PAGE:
From the reports I received this week, a wave of monarchs was apparently migrating through Middle Georgia.  In addition, it was encouraging to hear that most of those reporting the appearance of these large orange and black butterflies were seeing more monarch than they had seen in years. 

       For example, my wife and I saw no fewer than seven monarchs at one time in our yard.  While that might not seem remarkable, during the fall, in recent years, we have not seen more than two or three at time visiting our flowers. A friend that lives in Lamar County said she was thrilled to discover 15 monarchs nectaring on ageratum late one afternoon.  She went on to say this was far more than she had seen on her property in years.  In another instance, a friend that lives in McDonough reported seeing many monarchs flying along the highway while driving from his home to Jonesboro.  He was excited that this was more monarchs that he had seen in long time.  Yet another friend reported larger than normal numbers of monarchs showing up in his Monroe County yard. 

       The appearance of monarchs in Georgia backyards in autumn points out the need for all of us to ensure that these iconic butterflies have plenty to eat on their epic journey to the Sierra Madre Mountains in Mexico.  This extremely long migration can take as long as two months.  During this flight, monarchs touchdown in many places as they travel anywhere from 25 to 100 miles a day.  At each stop they need to be able find enough food (nectar) to restore their fat reserves that fuel their long journey to their winter home, survive the winter, and then return to the United States.

       Some researchers feel that the ability of monarchs to find enough nectar along the fall migration pathway is extremely critical to the survival of the species.  As such, we all need to put out the welcome mat to America’s favorite butterfly as it moves south.  The best way this goal can be accomplished is to grow a variety of fall-blooming nectar plants in our backyards.  If we all offer a helping hand, we can create a series of stepping stones monarchs can use as they cross the state each autumn.

       The problem is the nectar plants in many backyard gardens across the state are pretty ragged by this time of the year.  As such, they do not provide monarchs with nearly as much nectar as they could.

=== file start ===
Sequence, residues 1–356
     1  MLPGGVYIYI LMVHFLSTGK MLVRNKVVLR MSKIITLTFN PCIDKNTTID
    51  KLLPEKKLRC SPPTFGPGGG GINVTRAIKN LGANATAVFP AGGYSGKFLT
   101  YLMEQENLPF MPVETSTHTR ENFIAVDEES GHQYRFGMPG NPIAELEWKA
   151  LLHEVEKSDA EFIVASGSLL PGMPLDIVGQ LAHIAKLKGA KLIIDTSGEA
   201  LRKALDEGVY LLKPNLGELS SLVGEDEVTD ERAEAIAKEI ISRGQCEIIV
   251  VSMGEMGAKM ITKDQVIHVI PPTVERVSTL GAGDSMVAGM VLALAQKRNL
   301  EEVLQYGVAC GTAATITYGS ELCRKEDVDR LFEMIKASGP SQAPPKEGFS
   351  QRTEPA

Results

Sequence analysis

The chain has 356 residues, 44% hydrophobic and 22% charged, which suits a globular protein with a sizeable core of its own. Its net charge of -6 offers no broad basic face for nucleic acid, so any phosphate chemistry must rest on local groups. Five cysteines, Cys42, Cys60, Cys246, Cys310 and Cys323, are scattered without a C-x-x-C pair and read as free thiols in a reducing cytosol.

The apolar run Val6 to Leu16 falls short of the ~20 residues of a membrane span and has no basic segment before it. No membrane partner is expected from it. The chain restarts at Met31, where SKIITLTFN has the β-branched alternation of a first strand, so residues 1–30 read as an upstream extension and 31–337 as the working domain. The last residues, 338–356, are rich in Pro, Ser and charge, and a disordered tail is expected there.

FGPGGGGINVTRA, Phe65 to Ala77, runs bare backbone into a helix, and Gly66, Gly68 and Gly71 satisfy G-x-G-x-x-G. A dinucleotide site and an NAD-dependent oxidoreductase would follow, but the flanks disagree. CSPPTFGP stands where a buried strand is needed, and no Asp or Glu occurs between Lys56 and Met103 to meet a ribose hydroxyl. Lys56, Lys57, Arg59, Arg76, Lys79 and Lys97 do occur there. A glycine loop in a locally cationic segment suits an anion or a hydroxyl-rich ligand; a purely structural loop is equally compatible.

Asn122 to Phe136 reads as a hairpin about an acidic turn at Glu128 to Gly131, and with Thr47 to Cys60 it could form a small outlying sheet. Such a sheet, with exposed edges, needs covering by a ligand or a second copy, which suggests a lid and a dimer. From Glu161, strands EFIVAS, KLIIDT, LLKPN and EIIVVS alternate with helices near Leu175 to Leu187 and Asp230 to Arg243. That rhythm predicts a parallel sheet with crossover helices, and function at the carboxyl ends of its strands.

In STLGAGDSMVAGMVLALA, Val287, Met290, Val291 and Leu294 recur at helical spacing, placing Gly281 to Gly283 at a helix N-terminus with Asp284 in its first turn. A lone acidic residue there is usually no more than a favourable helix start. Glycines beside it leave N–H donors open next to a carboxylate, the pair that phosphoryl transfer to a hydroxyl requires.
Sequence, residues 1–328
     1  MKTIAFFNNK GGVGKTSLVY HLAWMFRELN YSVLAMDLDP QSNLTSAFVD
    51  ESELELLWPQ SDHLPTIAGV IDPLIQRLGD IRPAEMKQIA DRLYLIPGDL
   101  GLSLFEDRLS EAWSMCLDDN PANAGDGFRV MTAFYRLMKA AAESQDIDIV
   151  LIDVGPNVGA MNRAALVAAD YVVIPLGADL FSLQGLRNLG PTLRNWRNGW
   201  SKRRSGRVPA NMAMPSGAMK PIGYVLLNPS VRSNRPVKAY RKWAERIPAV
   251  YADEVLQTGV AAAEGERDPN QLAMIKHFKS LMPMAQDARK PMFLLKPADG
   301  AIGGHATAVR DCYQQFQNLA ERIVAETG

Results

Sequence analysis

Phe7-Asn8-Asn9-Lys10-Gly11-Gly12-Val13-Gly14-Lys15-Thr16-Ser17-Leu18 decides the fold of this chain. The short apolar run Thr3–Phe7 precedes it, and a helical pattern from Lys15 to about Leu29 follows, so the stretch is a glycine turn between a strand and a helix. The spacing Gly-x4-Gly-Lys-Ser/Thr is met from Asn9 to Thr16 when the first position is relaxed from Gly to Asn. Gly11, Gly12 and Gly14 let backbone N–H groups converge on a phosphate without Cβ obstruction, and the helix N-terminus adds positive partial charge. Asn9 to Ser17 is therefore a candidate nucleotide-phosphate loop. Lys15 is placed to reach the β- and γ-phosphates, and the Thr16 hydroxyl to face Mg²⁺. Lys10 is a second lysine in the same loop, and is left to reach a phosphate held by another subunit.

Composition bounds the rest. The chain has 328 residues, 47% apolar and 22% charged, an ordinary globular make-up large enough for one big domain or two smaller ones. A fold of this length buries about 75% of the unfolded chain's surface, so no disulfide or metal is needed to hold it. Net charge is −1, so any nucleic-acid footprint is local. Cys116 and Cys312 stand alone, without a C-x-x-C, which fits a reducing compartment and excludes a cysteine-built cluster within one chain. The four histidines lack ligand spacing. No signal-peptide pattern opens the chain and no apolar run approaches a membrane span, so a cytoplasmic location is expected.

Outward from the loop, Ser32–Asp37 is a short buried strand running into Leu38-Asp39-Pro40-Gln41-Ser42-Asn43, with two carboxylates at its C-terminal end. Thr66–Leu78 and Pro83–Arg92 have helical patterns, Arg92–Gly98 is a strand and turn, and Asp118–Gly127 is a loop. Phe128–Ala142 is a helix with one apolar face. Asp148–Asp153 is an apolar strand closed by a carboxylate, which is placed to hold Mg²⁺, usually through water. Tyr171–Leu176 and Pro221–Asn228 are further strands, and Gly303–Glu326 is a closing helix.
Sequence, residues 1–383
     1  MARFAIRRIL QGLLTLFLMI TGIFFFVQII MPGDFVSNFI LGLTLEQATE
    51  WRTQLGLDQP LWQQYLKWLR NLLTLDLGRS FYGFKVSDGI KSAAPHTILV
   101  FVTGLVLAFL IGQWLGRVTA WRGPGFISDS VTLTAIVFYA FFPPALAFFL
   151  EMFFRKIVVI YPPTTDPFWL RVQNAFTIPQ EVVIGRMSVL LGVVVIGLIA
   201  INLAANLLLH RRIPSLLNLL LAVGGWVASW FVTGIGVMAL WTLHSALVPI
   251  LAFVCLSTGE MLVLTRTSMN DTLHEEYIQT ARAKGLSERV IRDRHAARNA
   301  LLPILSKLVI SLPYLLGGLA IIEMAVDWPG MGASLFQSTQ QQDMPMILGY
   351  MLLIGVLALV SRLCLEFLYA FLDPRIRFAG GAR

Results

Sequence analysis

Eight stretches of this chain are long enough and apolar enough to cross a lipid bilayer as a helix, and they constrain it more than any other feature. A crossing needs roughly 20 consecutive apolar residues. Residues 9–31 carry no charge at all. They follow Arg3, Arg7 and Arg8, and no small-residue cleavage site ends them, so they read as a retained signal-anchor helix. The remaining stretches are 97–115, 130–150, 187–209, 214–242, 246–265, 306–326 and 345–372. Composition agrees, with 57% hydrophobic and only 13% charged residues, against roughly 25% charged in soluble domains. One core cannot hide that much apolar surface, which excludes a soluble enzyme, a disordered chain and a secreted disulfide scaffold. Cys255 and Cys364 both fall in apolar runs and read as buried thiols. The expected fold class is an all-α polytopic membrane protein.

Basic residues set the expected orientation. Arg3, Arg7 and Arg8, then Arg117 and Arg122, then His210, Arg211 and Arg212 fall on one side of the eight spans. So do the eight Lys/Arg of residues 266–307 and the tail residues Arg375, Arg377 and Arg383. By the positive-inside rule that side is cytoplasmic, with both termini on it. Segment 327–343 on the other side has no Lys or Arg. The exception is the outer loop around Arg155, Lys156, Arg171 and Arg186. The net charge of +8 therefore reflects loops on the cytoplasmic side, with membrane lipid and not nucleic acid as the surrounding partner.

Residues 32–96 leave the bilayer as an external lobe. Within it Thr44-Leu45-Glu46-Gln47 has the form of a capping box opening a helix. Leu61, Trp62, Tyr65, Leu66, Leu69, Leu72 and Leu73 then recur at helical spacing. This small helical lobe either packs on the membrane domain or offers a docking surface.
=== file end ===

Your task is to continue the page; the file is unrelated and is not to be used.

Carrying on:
When the monarchs arrived in my yard this year they were greeted to a mix of flowers including butterfly bush, zinnia, cosmos, scarlet sage, Turk’s cap, mountain mint, liatris, ageratum, goldenrod, and lantana.  By far, the monarchs most often fed at butterfly bush blossoms.  The next most popular plant visited was lantana.  Interestingly, while monarchs preferred ageratum at my friend’s house in Lamar County, they never visited it in my yard.  In addition, while they have fed at Georgia mint growing in my yard in past years, they did not visit it this year.

       This points out the fact that we need to provide migrating monarchs with a variety of nectar plants.  When this is done, chances are the butterflies will find one or more plants in just the right stage of blooming to provide them with much-needed nectar.

       If you are interested in adding some autumn bloomers to your landscape to help southbound migrating monarchs, here are a few of the other nectar plants reported to attract monarchs in fall: Mexican sunflower, ironweed, aster, marigold, blanket flower, and petunia.

       If you have noticed monarchs feeding at other flowers in your yard at this time of the year, I would appreciate knowing about it.


                Whenever we discuss feeding birds in a backyard setting invariably the discussion centers around offering birds seeds, suet, and other offerings in feeders hung outside our homes.  While supplemental feeding is important, the foods provided by native plants is often far more valuable to our feathered neighbors.  One of these native food plants is the common pokeweed.

                One of the reasons it is rarely mentioned is because few people are inclined to plant pokeweed in a garden.  Although it possesses colorful stems and berries, I suspect most homeowners deem this large, gangly perennial plant unworthy of growing alongside a bed of zinnias, or towering above their roses.  However, the plant’s reputation of being a weed belies its value as a plant that produces food relished by a host of birds.

                For this reason, my wife and I permit pokeberries to grow in idle spots around the perimeter of our property.  These are places we where we allow native vegetation to flourish.  These areas are occasionally mowed to prevent the intrusion of tree saplings.  We also remove any foreign invasive plants that happen to appear.